Arriving in Washington DC during the 80's, my most difficult challenge was finding a church home. Having grown up in the Pentecostal and Methodist faith Sunday worship was a staple of my weekly routine. For almost 10 years I canvassed the nation's capitol seeking a church that would nourish my fleshly failings and remind me of what our creator expects of us as human beings. What was consistent in going from pulpit to pulpit was that ministers were more interested in political rhetoric, the endorsement of political candidates, and the denouncing of some government or community proposal, than the gospel. It was quite disheartening for many years knowing that ministers were not teaching or preaching the word of God, but that their sermons were becoming political rallies. I was stunned at the blame cast upon the White man, the racial divisive, and all the things that seemed to divide and separate us from our neighbor. Then in 1995 I attended First Baptist Church in DC where the Rev. Frank Tucker presided and my spirit finally found what it was seeking. I will never forget meeting with the Pastor prior to joining and expressing my feelings about what I was looking for in a church. I made it clear that my interest was in the word of God and not political rallies, condemnation of America, and various politicians occupying the pulpit on Sunday. He shared my concerns and promised that this wasn't the case at his church. Since being a member of Pastor Tucker's church for about 13 years, he's never disappointed my spiritual yearning. Throughout the years I've taken Whites, Muslims, Jews, and people of all walks of life to worship with me and they all have left feeling that they could join the pastor's congregation.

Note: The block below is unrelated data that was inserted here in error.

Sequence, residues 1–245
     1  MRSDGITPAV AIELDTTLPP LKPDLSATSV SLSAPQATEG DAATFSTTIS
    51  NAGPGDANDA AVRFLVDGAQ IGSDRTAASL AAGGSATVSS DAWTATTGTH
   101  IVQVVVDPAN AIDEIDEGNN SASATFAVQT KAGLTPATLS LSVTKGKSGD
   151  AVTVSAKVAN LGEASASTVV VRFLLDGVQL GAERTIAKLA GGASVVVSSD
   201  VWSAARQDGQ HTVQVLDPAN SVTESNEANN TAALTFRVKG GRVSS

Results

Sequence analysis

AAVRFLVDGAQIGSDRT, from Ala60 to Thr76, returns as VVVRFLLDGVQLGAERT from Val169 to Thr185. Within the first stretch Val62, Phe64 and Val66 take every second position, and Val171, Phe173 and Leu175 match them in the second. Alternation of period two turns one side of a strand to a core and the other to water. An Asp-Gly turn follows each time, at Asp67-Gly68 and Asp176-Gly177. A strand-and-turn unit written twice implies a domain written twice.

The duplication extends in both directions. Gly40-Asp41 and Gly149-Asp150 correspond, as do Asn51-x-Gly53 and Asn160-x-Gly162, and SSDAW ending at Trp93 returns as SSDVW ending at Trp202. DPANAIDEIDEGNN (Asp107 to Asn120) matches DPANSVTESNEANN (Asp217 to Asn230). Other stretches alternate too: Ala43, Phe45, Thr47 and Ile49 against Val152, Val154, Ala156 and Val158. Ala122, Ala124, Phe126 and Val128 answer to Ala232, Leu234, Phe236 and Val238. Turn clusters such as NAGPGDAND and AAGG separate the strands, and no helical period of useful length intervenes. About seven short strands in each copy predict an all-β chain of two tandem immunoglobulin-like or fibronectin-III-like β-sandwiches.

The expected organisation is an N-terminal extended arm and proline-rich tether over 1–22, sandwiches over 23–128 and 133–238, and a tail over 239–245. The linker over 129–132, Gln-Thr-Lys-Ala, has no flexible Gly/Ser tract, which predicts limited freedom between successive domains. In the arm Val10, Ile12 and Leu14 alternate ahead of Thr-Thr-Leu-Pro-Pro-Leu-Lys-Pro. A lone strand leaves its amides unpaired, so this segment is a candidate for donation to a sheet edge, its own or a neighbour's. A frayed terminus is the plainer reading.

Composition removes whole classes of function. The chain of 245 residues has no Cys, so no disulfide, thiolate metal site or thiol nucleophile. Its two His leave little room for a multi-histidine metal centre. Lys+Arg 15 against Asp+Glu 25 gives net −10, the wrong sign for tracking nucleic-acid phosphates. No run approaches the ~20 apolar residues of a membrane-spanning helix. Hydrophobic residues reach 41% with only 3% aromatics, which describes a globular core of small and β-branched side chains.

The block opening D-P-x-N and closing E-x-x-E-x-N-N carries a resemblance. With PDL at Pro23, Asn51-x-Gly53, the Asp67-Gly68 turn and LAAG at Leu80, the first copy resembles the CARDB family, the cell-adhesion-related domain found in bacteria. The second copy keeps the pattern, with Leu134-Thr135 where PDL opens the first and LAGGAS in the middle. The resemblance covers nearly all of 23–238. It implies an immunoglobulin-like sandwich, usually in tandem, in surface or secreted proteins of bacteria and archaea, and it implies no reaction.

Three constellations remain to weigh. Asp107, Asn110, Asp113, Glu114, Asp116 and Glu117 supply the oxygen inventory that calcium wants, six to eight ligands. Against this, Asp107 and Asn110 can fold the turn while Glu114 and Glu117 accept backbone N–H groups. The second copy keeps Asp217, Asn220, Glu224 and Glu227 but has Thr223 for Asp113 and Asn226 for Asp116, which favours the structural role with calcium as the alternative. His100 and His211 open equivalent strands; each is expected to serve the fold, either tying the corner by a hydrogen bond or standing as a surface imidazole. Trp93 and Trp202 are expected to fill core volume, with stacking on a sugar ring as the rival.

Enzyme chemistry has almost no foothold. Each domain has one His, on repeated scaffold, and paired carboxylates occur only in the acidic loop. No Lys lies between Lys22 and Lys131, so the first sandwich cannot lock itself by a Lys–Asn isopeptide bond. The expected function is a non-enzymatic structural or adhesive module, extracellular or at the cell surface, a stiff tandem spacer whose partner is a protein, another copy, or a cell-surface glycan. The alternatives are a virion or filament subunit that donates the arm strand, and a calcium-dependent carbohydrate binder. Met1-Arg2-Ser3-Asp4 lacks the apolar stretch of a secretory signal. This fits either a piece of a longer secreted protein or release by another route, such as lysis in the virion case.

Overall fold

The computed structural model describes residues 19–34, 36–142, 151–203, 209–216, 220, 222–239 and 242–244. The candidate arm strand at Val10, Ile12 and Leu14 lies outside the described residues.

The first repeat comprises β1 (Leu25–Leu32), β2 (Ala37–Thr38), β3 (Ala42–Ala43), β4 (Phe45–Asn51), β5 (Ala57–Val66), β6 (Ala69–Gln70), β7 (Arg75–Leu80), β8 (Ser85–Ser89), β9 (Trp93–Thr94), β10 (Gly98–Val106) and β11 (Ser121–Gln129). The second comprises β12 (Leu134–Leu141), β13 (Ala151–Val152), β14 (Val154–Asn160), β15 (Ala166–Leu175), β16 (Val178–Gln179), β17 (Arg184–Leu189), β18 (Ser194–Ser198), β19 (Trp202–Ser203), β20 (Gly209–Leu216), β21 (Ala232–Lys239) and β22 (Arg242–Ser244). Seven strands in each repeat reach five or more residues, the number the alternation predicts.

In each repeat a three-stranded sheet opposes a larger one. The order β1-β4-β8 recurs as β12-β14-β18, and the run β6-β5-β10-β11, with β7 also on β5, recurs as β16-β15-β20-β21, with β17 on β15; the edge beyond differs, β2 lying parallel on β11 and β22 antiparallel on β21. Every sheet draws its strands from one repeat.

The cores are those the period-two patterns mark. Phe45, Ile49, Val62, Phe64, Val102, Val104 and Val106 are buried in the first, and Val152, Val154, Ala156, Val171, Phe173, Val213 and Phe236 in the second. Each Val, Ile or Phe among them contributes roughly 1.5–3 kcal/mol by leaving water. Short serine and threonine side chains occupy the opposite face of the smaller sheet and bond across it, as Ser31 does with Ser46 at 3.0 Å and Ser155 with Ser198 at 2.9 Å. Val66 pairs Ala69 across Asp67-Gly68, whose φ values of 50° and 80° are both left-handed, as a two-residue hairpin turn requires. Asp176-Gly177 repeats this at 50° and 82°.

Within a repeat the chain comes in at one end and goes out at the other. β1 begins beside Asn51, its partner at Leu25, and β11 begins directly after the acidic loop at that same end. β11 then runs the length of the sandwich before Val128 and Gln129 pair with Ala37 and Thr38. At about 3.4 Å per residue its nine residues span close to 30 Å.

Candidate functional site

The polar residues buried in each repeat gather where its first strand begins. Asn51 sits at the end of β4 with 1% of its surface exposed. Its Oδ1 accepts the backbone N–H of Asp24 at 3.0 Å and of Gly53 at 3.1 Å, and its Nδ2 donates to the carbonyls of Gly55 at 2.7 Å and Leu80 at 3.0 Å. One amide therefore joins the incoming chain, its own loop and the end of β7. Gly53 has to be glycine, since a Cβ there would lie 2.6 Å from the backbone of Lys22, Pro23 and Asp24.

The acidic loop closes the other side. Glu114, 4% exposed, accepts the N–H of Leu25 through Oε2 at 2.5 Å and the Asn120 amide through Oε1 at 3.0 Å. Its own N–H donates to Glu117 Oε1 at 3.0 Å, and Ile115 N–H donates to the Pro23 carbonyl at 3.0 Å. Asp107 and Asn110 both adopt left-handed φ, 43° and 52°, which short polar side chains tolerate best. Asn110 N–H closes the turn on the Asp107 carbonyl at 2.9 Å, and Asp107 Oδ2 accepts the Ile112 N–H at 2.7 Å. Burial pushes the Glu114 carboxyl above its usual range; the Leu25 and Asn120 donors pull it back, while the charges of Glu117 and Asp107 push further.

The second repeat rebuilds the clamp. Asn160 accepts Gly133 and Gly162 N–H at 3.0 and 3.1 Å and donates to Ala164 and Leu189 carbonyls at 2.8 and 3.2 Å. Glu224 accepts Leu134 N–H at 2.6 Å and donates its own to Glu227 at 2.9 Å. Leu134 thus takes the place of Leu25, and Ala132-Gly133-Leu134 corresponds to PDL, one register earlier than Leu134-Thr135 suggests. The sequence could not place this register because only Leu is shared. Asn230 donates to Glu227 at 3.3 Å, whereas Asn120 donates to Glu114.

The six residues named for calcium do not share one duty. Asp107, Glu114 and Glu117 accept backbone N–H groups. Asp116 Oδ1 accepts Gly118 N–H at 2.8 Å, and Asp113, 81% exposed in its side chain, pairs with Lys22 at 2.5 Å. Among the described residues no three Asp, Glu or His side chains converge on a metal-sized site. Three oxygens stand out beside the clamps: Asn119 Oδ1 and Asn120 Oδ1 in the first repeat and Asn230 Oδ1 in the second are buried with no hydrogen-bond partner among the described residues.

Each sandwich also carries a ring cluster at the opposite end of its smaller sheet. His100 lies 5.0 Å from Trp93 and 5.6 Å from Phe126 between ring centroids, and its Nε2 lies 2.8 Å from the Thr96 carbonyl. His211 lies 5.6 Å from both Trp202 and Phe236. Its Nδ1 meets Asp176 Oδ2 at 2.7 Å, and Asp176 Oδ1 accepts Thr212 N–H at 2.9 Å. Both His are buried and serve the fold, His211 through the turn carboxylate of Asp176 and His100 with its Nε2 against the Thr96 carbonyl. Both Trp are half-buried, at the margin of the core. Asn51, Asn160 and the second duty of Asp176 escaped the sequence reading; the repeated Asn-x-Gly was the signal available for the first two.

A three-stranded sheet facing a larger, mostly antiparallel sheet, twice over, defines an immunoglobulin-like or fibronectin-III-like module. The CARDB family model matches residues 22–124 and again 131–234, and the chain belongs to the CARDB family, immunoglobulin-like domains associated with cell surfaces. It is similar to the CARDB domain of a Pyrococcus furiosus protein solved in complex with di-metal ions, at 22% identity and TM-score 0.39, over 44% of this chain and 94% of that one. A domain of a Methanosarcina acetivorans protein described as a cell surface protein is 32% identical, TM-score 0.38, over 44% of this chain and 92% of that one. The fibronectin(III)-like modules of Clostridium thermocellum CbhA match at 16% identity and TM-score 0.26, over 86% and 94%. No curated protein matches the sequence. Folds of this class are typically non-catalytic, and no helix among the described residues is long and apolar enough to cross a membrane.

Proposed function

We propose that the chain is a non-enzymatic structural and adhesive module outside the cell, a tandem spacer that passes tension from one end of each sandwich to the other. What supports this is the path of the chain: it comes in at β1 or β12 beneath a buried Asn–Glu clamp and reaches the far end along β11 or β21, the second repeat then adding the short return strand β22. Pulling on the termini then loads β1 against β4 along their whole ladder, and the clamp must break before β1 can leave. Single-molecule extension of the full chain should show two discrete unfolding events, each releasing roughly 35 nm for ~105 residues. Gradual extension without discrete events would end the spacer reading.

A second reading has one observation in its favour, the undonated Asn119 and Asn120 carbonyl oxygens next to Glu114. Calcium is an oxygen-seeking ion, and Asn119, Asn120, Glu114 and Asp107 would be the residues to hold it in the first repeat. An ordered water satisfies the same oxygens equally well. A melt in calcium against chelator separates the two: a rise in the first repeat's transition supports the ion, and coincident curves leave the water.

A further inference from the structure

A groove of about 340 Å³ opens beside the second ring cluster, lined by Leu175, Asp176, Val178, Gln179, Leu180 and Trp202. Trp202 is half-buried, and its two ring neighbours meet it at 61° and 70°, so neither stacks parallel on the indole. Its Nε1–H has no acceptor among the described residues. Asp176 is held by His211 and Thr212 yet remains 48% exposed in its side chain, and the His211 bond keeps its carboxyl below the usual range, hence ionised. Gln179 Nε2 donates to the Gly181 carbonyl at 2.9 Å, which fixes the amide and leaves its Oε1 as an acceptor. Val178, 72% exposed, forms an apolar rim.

There are still pockets of so called black churches and mosque today that can identify with the Rev. Wright‘s lace-filled, anti-American, hypocritical sermons. During the 50's, 60's and 70's the black church was a place where blacks could gather and unite away from the harshness and brutality of racism and vicious hatred. It was a place where ministers could help their congregation express their anger, frustration, and America’s ungodliness towards their brethren. Many ministers during those tumultuous times were considered heroes and pillars of the community for they were preaching against an eye for an eye and a tooth for a tooth. People like Jeremiah Wright are still preaching as though we’re in the 50’s or 60’s and are locked in this time warp. They refuse to elevate and celebrate the progress of America and how Presidential candidate Barack Obama’s campaign is evidence of that amazing paradigm shift.
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